Turkish President Tayyip Erdogan appeared to mock European Union overtures for help with its migration crisis as he arrived for a long-awaited state visit to Brussels and a string of meetings with EU leaders set to start on Monday.
Erdogan, preparing for Nov. 1 parliamentary elections, boasted of Turkey's record in taking 2 million refugees from neighbouring Syria and Iraq, and contrasted it with the numbers passing through the bloc, in speeches to supporters.
"Europe is uncomfortable with even the smallest refugee flow," he told a mass rally in Strasbourg, before flying on to Brussels late on Sunday and addressing another crowd from an open-top bus outside his hotel.
"What do they say to us? ... 'Oh my, don't open your doors, don't let them reach us. They should stay with you,'" Erdogan added in Strasbourg, according to Hurriyet newspaper.
The typically bullish speeches will concern European Union officials who are hoping to convince Erdogan to shelter more Syrian refugees in return for aid.
Erdogan's trip, officially a state visit to Belgium, has been repeatedly postponed amid tensions over Turkey's stalled bid to join the EU.
The bloc, long critical of what it sees as Erdogan's growing authoritarianism, is now looking to Turkey's most popular politician to help solve its worst migration crisis since the break-up of former Yugoslavia.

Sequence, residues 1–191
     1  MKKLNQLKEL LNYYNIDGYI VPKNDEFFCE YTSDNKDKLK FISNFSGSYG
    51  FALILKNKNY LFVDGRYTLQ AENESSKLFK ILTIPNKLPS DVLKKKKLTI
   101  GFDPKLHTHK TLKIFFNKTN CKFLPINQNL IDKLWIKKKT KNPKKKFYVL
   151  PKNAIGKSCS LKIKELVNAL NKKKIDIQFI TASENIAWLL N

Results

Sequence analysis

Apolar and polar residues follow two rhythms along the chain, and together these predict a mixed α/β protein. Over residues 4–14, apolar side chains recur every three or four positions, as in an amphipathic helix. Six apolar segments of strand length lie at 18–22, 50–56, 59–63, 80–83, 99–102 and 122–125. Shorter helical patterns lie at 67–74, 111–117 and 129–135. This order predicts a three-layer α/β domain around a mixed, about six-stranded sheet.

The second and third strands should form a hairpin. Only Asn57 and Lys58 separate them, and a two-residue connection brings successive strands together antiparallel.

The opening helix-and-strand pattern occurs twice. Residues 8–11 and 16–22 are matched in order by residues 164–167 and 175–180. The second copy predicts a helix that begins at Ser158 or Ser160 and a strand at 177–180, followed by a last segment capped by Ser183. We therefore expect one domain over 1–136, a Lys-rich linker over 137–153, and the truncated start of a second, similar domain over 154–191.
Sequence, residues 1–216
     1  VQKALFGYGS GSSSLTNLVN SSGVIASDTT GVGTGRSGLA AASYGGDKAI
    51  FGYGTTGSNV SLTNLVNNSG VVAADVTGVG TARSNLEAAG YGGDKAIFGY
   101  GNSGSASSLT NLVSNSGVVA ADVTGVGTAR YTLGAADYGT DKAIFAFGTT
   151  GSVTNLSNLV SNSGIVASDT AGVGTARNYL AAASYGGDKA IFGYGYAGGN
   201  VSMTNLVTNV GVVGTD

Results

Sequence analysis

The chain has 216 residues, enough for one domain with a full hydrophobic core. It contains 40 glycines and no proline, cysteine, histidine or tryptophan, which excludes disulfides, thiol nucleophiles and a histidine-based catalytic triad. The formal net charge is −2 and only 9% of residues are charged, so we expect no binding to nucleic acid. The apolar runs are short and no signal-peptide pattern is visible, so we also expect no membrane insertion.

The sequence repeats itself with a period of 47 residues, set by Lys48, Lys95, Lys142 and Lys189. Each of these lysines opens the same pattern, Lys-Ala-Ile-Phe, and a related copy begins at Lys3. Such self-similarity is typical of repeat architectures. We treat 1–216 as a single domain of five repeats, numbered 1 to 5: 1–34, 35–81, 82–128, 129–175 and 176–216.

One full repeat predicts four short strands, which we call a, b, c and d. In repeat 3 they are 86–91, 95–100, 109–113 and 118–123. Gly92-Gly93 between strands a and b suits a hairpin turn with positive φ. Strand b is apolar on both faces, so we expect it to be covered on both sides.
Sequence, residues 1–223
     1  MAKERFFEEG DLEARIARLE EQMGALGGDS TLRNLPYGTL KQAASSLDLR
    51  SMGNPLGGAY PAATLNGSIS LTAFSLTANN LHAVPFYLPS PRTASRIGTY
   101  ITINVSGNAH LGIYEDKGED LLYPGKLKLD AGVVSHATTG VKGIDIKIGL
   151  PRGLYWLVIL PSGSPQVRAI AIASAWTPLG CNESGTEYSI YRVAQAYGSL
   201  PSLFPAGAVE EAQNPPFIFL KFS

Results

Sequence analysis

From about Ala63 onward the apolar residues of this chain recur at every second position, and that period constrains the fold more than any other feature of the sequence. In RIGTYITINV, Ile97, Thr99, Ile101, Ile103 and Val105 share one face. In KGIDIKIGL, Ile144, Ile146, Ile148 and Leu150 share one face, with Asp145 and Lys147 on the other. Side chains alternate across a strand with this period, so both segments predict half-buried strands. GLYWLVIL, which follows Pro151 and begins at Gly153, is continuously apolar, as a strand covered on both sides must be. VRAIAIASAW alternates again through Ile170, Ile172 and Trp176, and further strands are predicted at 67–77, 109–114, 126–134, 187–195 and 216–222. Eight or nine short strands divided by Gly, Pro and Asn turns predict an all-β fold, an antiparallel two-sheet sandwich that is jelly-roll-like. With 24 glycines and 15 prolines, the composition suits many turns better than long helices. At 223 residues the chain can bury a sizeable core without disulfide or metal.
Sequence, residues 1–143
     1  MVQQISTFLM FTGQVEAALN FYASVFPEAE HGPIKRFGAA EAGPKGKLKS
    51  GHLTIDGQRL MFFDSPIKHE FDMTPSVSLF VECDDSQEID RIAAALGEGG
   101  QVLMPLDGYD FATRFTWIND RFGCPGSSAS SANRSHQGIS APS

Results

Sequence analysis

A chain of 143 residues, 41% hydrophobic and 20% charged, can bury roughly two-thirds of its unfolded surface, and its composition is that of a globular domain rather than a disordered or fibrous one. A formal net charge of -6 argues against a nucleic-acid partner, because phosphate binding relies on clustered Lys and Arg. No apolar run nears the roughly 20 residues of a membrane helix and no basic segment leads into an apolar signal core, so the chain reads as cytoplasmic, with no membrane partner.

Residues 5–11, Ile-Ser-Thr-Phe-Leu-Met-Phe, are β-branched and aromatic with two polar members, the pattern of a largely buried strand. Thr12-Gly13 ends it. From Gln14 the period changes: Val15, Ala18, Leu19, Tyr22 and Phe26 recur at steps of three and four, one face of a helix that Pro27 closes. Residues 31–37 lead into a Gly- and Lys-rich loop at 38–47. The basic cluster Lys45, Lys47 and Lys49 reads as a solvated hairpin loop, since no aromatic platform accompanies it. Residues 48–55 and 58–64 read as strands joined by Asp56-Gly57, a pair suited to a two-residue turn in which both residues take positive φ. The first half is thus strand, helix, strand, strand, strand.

Diplomats say the focus is how to better manage the flows of migrants fleeing fighting and the brutality of Islamic State militants in Syria and Iraq, which will be at the centre of a major meeting in Luxembourg on Thursday of EU, Western Balkan and East Mediterranean countries.
The EU, which pledged at least 1 billion euros ($1.1 billion) for Syrian refugees in Turkey, Jordan, Lebanon and other countries last month, says it wants to help Turkey absorb and integrate more migrants on its own soil and cooperate closely with Greece in preventing mass migrant flows.
A German newspaper on Sunday said that the European Commission, the EU executive, had already agreed a plan with Ankara to stem the flow of refugees to Europe by patrolling Turkey's frontier with Greece and setting up new camps.
But a senior EU official involved in negotiations with Turkey said the Frankfurter Allgemeine Sonntagszeitung report, which detailed six new refugee camps for two million people, was "not in line with what we have been discussing".